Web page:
There was a church in Vaughn. It had stood for exactly 107 years. It was a microcosm of what the town once was, and what it had become. It was nothing much from the outside. It had fallen into disrepair. The interior looked about as smooth as the Cherokee arrowheads often found in the woods behind it. The pews used to be full, but the congregation had dwindled to thirteen or fourteen people, in a sanctuary that could hold up to 100. Several of its elderly members had recently died, in succession. It did not have a driveway. The walls needed paint. The floor needed to be redone. There were few spots to park in the grass surrounding it and on the edge of the road, not that it needed them. Hardly anyone in the neighborhood even went there. But the church, Vaughn United Methodist, and its pastor, a woman named Sandra Fendley, considered the squat building to be the hub of the community and did not want it to wither and die. There were oak trees behind it, on the hillside, with muscular branches that shadowed the church, which no one could even see from West McIntosh; but it lent Bendview a sense of protection, as if the church would always be there, as persistent as nature. So this past January, Fendley and other members went door-to-door in the surrounding area, spreading word about Vaughn United. They drove out beyond the abandoned Varnadoe’s store, past horse farms and the ponds, to houses a couple miles away in Rio and Griffin; threw a picnic for people who wanted to come. They had been able to procure $20,000 to revitalize the little old building. This included a new floor, more lighting, and a new paint job. New pews. Fendley and others were able to woo about fifteen more people, including a teenager, to come to service. Before the tornado hit the church, it was almost thriving. When the tornado hit the church, it tore out its entire rear wall, facing the woods; the roof was ripped off, flew away, and the stained-glass windows were smashed. Those protective trees were completely obliterated. Some angel figurines, light as paper, were left undisturbed on a piano in the fellowship hall. Those were about the only things the tornado didn’t touch.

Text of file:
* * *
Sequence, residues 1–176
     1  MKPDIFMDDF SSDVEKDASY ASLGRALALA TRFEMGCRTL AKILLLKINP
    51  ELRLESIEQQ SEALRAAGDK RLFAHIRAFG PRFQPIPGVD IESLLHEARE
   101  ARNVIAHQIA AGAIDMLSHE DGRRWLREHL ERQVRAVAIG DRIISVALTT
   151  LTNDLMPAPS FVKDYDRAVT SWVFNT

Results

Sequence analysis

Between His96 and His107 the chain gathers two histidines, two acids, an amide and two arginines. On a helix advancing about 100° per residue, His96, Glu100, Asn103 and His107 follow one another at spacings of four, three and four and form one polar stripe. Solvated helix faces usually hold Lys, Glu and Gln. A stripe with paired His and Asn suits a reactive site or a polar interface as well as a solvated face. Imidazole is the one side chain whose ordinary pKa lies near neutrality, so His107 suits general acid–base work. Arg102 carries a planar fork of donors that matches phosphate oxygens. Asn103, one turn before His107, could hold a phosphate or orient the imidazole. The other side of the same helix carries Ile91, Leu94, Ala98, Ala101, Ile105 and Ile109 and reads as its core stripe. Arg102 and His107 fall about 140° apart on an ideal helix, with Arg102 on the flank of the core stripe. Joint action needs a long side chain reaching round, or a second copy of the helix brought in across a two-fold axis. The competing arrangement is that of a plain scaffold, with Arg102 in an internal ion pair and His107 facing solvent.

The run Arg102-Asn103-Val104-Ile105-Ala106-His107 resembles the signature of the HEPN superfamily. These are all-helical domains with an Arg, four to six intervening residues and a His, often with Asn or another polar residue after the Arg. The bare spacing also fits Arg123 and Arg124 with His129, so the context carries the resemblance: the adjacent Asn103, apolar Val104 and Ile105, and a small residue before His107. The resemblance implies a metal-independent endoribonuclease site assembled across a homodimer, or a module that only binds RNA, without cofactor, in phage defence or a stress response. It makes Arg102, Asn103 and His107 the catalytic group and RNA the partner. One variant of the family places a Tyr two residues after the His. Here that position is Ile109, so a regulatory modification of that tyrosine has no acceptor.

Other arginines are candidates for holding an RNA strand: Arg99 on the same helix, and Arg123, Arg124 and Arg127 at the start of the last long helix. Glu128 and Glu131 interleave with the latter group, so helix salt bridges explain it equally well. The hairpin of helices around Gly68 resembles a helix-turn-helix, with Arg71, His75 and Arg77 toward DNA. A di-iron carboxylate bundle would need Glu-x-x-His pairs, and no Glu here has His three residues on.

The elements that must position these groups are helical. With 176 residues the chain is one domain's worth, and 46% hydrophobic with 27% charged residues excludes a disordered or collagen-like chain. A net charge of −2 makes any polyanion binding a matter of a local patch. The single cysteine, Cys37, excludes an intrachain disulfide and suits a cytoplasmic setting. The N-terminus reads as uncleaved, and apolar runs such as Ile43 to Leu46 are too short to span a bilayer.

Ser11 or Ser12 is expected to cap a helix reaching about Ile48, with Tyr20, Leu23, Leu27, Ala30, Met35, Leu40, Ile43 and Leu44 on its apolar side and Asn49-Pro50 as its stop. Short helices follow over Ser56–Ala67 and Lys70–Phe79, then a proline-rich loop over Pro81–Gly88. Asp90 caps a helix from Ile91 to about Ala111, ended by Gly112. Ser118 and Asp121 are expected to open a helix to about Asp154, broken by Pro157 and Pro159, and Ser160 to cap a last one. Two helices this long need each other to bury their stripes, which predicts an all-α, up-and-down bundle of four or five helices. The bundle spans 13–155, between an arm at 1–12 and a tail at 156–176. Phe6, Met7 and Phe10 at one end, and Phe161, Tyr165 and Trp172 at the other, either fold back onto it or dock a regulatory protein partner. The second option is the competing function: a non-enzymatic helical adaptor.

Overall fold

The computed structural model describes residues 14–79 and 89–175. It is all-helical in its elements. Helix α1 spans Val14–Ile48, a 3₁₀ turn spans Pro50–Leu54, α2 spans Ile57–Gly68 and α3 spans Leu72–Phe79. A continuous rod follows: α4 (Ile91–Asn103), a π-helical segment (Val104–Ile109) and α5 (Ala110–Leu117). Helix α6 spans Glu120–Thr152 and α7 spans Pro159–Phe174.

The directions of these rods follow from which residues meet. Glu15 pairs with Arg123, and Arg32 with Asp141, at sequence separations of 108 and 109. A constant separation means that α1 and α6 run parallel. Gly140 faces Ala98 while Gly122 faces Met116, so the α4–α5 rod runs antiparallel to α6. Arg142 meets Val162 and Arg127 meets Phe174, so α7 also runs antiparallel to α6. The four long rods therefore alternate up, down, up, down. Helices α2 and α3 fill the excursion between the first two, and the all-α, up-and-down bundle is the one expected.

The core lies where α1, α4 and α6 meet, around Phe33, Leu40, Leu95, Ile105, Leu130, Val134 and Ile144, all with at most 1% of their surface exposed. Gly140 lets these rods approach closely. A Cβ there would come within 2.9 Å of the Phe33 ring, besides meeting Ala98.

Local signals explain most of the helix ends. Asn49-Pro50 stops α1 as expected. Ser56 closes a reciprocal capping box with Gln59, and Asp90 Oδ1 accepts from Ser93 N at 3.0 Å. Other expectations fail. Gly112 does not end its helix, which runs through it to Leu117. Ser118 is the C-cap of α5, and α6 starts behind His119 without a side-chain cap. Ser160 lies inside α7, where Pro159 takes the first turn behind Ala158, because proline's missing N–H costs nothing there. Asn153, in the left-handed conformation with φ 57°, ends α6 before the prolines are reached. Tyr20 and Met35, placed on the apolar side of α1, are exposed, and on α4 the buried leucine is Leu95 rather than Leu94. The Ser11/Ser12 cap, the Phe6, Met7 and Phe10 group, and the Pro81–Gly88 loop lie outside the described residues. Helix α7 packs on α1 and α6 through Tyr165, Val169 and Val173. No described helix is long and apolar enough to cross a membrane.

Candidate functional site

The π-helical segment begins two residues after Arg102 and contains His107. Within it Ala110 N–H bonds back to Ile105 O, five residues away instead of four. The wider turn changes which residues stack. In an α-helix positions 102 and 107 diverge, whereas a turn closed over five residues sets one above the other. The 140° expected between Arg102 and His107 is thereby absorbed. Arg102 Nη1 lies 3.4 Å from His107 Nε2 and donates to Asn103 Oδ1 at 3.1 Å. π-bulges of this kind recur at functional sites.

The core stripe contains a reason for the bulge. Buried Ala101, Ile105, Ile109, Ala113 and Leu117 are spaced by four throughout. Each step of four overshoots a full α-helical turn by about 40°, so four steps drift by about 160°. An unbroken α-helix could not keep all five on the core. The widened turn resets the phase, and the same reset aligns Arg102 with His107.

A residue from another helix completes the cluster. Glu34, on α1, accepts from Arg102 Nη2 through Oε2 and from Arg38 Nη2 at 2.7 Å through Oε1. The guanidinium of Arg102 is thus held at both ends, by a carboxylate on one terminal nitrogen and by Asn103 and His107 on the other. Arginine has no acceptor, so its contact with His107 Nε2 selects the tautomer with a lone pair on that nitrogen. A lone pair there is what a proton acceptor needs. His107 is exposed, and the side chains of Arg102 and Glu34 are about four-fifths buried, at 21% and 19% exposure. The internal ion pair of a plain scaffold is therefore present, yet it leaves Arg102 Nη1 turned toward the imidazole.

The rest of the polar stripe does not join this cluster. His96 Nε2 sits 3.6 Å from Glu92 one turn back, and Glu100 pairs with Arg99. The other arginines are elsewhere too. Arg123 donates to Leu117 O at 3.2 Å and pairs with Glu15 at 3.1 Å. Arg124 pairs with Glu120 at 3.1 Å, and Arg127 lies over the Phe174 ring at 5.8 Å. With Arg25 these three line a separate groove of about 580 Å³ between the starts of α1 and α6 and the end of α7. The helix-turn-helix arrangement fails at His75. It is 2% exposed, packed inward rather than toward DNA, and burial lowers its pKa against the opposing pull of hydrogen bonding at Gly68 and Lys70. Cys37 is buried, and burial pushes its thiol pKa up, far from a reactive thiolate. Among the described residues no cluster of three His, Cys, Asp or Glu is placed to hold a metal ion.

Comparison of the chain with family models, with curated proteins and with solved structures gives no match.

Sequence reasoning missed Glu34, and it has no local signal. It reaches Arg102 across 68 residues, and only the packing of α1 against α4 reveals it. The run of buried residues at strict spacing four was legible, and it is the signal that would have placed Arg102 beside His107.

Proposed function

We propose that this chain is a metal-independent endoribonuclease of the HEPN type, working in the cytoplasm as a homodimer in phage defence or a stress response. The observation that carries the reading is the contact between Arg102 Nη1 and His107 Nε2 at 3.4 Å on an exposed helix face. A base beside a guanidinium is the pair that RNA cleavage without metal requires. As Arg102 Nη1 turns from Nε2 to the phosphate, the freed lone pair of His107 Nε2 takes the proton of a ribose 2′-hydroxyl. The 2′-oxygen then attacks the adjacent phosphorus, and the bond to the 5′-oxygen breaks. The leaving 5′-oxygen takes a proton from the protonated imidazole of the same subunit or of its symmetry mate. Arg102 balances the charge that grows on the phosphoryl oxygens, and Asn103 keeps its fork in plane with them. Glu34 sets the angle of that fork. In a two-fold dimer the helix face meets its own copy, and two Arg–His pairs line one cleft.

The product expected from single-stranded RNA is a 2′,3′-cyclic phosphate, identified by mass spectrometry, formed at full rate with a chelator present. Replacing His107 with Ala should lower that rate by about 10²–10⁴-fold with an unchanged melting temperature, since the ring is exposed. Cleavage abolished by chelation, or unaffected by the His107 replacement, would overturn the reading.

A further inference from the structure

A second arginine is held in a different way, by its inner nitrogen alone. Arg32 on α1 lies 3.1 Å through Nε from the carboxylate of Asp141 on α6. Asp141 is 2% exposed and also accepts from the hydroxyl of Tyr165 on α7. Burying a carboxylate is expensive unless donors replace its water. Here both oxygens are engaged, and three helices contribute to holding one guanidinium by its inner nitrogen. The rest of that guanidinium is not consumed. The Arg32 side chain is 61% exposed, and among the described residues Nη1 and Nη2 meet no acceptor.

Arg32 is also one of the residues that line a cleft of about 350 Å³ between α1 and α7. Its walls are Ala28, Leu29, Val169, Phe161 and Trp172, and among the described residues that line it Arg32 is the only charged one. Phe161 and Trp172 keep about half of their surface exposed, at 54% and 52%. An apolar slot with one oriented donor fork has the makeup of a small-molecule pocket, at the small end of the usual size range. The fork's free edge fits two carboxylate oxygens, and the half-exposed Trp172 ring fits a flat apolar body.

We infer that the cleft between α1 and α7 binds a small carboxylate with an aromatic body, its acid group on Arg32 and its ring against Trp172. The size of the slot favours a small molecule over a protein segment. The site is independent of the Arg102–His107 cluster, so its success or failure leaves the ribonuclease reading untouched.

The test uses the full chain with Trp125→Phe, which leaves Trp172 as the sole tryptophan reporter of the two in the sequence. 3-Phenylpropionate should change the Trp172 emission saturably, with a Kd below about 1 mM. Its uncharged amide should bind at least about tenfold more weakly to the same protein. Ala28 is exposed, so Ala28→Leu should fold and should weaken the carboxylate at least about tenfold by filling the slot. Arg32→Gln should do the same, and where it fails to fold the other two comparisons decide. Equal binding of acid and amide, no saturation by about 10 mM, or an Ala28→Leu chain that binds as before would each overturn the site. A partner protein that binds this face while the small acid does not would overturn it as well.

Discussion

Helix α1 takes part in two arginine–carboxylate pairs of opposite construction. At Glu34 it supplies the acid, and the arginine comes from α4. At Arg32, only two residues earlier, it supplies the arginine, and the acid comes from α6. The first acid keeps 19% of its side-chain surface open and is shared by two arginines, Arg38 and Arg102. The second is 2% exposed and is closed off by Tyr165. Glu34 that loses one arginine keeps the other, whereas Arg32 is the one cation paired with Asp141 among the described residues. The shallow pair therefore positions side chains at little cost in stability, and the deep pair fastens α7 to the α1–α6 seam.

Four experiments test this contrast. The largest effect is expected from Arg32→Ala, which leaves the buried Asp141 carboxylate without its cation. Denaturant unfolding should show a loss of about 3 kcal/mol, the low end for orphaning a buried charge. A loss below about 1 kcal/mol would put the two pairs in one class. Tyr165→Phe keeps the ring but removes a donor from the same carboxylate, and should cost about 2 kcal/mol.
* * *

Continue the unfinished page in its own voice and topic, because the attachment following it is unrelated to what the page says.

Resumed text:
“To have the storm take everything away was unbearable,” Fendley says.
But the members have decided the church has to be rebuilt. Modest plans were drawn up. Pastor Fendley wrote a letter to Spalding County, requesting permission to build on a lot across from the Porter property. Fendley decided that the old half-acre lot where the church stood was too small to rebuild there, too small if the church wanted to grow; there were also “hoops to jump through,” she says.
“People in our modern world want to go to a pretty church. Maybe that is something we old folks don’t understand, but it’s true. Soon Vaughn [United Methodist] will be a new, pretty church, and people will come to be with us.” Fendley wrote those lines in the same letter. With insurance from its sanctuary and Sunday school, and contents within the buildings, Vaughn United has $155,000 for the project, but is still $63,000 short.
After the tornado, Billy Briscoe propped a big wooden cross against the front door, even though the entire back of the church was open to the daylight, to ward away the looters.
And there were looters. In the rubble, in the aftermath, in the dark, during the next couple days, before FEMA came and GEMA came and support groups donated to the people of Vaughn trash bags full of clothing, there was no protection, even by the police. Everything was there, in its apocalyptic disarray, ripe for the taking. West McIntosh Road had yet to be blocked, so traffic going to Atlanta or Brooks or Peachtree City from Griffin, or vice versa, formed a two-lane, incessant line—gawkers. So the looters were able to see all this stuff in front of them, and tried to stake their claim to what they could find. “It’s a free country!” someone yelled at Bebe Goolsby, when she asked him what the hell he was doing. It was a stranger, waist deep in one of the decimated houses across the street. Bebe was John and Brenda’s daughter, and had been given the nickname “The Bitch”—because she never put up with any shit in Vaughn. She could be loud. She was brusque. She was tall, and stocky. Thirty-three years old. She loved her parents and was often there with her kids and husband, she had ridden bikes up and down the street as a teenager, it had always been a quiet place. Now this? She walked across the street to the would-be thief’s car, took a loose brick, and smashed the back windshield. “What are you doing?” he yelled.
“It’s a free country,” she said.
She stood outside the next few days, like an eagle. “I wanted to help protect the people that raised me,” she said.